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SQ B777 Engine destroyed during taxi

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SQ B777 Engine destroyed during taxi

Old 26th Dec 2013, 05:23
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Sometimes they leave an empty ULD close to the airbridge for offloading oversized hand luggage, prams etc!
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Old 26th Dec 2013, 05:35
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Red Clearance Lines

The Red Clearance Lines ignored by both the ground staff and flight crew.
The old airmanship calls have slowly been disappearing over the years.

For Example, "Clear Left --- Clear Right & all equipment behind the Line."

I also check and point out in Command training to check the aerobridges are parked in their painter circles indicating correctly retracted. AGNIS or similar electronic guidance doesn't sense the aerobridge positions before activating.
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Old 26th Dec 2013, 05:43
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'Get-There-Itis' can cause even Capt. Biggles to miss the Elephant in the room.

There but by the grace of God go I...
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Old 26th Dec 2013, 06:12
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Melbourne's aerobridges will inhibit the NIGS if not in their HOME box. More often than not, this leads to we engineers swearing at the bridge drivers because they park them BEHIND the box, meaning we have to marshal the aircraft in by hand. That being said though, obviously every airport is different.
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Old 26th Dec 2013, 07:12
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As an engineer, not even one with engines as a specialty

As an engineer with 36+ years with turbine engines as a specialty....
Destroyed may be a bit strong, I probably would have said "trashed", but destroyed is not that much of a stretch.

Even at idle, a 777 fan is turning something around ~600 rpm (I'm guessing Trent here, it would be a bit lower if it was a GE90). At that speed, the impact with a zero rotation ULD is going to rapidly result in much of the container turning into aluminum confetti. The portion of the ULD that survives will bounce into the inlet/fan case, loose rotation, and go back into the fan resulting in more confetti, repeating until the ULD is, well, aluminum confetti. That confetti will be flung into the fan nozzle/thrust reverser at high speed, doing considerable secondary damage.

If they are really, really lucky, that metal confetti will be centrifuged enough to miss the core inlet. Likely result - a set of fan blades, fan exit guide vanes, inlet, fan case, and thrust reverser will need to be replaced (some bits possibly salvageable, but with major repairs needed).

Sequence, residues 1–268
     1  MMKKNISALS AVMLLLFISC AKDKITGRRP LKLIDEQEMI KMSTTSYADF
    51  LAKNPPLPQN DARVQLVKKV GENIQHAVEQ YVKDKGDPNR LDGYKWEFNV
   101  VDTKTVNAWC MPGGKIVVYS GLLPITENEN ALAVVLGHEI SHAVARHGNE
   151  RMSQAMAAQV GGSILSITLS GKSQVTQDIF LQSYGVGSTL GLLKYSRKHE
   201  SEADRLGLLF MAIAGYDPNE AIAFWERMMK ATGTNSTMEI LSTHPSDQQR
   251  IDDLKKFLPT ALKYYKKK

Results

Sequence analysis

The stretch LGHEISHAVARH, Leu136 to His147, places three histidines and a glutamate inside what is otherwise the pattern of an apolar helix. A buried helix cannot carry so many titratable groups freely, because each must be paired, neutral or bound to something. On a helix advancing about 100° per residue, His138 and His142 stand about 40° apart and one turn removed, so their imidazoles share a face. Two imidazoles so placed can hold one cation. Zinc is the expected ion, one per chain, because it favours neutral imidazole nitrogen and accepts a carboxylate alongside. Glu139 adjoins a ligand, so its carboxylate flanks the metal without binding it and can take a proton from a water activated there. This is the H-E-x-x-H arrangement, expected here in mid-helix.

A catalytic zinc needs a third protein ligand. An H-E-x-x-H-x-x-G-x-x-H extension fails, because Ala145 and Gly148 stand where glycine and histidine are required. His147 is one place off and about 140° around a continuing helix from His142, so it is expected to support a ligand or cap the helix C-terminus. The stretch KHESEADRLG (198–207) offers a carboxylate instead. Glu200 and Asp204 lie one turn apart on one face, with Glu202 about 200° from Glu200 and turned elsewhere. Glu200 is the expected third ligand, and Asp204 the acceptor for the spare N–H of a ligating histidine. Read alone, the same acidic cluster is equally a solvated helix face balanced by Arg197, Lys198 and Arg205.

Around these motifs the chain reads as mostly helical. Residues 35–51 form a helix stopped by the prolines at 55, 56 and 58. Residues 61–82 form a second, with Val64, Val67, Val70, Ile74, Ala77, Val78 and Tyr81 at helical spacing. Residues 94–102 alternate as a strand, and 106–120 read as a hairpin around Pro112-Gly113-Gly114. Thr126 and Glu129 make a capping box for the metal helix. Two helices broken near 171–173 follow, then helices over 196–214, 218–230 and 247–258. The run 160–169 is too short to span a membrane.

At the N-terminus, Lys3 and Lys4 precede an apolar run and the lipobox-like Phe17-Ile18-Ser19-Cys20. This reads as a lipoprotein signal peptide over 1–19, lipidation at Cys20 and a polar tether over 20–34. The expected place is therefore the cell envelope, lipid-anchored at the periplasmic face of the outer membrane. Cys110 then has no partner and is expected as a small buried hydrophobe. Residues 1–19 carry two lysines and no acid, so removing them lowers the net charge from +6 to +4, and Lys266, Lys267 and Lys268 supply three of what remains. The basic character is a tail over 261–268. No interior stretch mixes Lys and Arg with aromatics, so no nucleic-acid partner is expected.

OTOH, if bits of the ULD went down the core, many of the compressor blades are bent or broken. Best case, secondary damage is minor and limited to the compressor - worst case multiple compressor blades broke off and corn-cobbed the entire core (compressor and turbine).

So, in short, the best case is $1-$2 million in damage, limited to the fan, fan case, and nacelle. More likely, if bits went down the core, the damage is extensive and it could easily be that the engine will cost more to repair than it's worth (sort of like a car - build one from spare parts and a $25k car would cost over $50k) and the undamaged bits will become spares.

BTW, absolutely no reason to replace the other engine. Operators routinely used 'miss-matched' young and old engines on the same airplane.
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Old 29th Dec 2013, 01:59
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BTW, absolutely no reason to replace the other engine. Operators routinely used 'miss-matched' young and old engines on the same airplane.
Not sure if this practice is still current - but new aircraft with all-zero-time engines will sometimes have a "convenience" removal after a few hundred hours. A perfectly good low-time engine is pulled for "time (cycle) stagger". This helps insure that two (or more) engines don't encounter a future overnight s/b or AD compliance issue at the same time.

If it's a new fleet, this also can serve as an engine remove/replace training refresher for the hangar crew.
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Old 29th Dec 2013, 05:46
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Mmmmmm, pretty sure we don't do that anymore. Airlines don't normally like Engine changes, costs money and time to change it out and we couldn't possibly do that could we!!

Besides, most Airlines lease the Engines from their manufacturer and "power by the hour" is the catch cry.